Rubblebelt Maverick is a one drop that just does a lot for its cost. Surveil 2 sets up your future draws nicely, as well as benefits your collect evidence cards. The +1/+1 counter might you to make an attack that you wouldn’t be able to make otherwise.
Topiary Panther is a nice, versatile inclusion. It can either grab you a land early, or just be a big threat later in the game.
Murders at Karlov Manor Draft Archetypes
So, you know which commons are the best, at least in the mono-colored group. Now, it’s time to take a look at the ten 2-color archetypes that you can draft in Karlov Manor. Each one receives some multicolor goodies.
Green-White: Go-Wide Disguise
The first archetype is green-white, which features a known theme (go-wide) with a twist (disguise). The go-wide theme can actually be assembled with just white cards.
White Go-Wide Package
What is go-wide theme? That is a plan which consists of adding plenty of creatures to the board, then capitalizing on them with mass pump spells.
Playing cards that put multiple creatures in play is key. At common, there are two great options — Inside Source and Dog Walker. Wait, how is the latter a mono white card? Well, you just need to play it face down first. That’s already what you want to do with it most of the time.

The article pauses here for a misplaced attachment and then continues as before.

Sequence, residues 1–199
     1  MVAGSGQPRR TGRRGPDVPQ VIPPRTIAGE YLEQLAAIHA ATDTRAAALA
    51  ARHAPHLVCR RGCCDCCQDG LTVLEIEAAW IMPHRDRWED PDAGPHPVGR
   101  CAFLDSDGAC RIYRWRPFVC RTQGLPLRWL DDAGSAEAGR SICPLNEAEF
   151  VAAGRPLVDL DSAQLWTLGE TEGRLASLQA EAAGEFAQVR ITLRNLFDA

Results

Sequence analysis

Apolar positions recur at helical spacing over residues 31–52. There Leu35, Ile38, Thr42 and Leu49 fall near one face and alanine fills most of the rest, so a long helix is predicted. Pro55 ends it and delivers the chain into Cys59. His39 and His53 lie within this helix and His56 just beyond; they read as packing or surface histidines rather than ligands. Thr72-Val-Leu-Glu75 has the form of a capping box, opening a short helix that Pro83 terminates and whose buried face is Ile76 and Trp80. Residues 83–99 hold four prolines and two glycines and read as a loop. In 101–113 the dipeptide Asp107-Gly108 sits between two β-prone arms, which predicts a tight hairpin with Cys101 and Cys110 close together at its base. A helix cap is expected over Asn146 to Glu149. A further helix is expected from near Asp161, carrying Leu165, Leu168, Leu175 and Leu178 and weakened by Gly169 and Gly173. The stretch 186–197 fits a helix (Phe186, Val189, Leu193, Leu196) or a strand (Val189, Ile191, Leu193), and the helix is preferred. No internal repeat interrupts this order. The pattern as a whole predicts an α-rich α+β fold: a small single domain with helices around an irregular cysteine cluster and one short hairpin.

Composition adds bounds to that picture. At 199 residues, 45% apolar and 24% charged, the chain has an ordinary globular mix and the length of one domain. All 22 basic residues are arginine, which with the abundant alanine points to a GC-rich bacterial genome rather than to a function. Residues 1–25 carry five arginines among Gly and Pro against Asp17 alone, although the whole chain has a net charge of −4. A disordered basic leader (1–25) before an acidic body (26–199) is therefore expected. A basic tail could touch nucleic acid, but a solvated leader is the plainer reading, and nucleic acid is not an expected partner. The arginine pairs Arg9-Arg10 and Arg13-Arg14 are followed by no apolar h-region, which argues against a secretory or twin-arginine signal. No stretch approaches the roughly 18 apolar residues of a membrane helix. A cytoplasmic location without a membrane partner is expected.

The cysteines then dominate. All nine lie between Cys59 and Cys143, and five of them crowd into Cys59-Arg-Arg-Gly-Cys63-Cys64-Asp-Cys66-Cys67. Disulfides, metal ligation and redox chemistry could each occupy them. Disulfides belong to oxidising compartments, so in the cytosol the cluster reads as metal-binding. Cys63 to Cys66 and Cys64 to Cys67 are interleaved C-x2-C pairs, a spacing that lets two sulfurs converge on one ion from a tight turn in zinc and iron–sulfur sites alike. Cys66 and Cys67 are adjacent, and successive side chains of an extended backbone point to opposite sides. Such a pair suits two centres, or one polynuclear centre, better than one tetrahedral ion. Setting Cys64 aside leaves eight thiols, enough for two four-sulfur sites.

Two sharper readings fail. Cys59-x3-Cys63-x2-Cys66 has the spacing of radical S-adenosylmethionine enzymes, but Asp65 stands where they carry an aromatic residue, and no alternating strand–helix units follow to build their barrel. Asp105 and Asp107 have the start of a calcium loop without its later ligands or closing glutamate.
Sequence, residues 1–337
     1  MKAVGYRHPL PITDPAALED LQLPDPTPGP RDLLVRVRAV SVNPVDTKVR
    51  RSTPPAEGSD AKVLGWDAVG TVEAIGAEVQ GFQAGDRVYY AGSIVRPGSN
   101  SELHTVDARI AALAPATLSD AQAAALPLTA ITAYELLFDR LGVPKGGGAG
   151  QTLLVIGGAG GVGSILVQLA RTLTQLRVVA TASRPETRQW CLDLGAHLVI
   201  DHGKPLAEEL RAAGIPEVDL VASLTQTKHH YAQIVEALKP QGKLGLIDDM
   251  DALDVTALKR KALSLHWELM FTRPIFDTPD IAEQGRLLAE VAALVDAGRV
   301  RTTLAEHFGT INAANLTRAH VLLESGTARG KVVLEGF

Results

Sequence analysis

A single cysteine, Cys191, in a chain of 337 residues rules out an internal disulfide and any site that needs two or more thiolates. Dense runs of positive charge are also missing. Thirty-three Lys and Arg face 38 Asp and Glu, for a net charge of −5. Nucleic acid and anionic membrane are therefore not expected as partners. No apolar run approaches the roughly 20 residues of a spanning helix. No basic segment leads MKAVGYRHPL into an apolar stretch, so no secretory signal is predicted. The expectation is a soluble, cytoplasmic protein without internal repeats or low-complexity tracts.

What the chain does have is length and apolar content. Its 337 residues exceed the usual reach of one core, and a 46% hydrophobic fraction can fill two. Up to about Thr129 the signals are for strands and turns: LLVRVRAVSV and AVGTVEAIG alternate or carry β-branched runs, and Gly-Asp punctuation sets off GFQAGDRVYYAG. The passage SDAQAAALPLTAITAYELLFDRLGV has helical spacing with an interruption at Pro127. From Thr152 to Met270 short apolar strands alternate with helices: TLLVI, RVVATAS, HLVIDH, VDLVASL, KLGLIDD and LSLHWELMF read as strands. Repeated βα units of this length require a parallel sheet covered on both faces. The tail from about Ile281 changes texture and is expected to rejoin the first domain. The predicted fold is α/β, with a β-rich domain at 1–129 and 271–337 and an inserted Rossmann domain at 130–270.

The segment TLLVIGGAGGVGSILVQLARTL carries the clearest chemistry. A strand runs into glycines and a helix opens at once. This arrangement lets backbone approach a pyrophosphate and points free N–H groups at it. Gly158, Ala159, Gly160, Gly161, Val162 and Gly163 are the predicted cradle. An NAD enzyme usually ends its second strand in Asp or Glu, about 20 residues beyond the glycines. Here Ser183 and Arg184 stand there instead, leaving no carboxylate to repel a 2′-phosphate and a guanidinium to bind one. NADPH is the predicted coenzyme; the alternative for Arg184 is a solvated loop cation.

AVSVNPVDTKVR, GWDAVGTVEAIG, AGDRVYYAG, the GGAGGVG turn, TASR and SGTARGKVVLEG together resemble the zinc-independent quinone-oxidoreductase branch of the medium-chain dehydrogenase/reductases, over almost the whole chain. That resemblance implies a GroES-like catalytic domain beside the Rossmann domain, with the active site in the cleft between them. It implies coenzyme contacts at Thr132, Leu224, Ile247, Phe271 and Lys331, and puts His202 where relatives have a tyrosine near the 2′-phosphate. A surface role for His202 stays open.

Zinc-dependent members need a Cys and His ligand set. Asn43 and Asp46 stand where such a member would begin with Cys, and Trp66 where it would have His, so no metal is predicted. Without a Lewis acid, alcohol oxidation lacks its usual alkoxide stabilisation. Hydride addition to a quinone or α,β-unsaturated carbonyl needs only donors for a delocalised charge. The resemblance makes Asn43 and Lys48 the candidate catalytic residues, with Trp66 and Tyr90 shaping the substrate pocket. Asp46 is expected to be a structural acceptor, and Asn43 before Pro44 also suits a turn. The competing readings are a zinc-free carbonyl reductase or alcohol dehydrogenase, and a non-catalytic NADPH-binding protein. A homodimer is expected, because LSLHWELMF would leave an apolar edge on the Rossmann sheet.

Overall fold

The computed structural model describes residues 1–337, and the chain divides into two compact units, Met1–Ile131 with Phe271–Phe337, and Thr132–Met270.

Once you control a bunch of creatures, you’ll want to buff them with On the Job, and put the opponent in a bad spot. These three cards are all commons, so that’s a pretty easy and reliable plan to assemble. Once you move to uncommon rarity you get more support this strategy with cards like Karlov Watchdog, Fuss // Bother and Case of the Gateway Express.
Since all of these cards are white, you can apply this strategy to all white archetypes. Even their main themes work nicely with going wide.
Green for example, plays with disguise theme, but benefits from going wide. Both Greenbelt Radical and Crowd-Control Warden are strong disguise creatures that are better when you control multiple creatures.
Furthermore, Sumala Sentry and Tunnel Tipster are both amazing two drops for this deck. If you manage to get such cards in multiples, you’re going to want more disguise creatures too. Thankfully, most of them are very playable.
So, when you’re playing green-white, you want to deploy lots of creatures, and take advantage of mass pump spells and disguise synergies.
Red-White: Go-Wide Aggro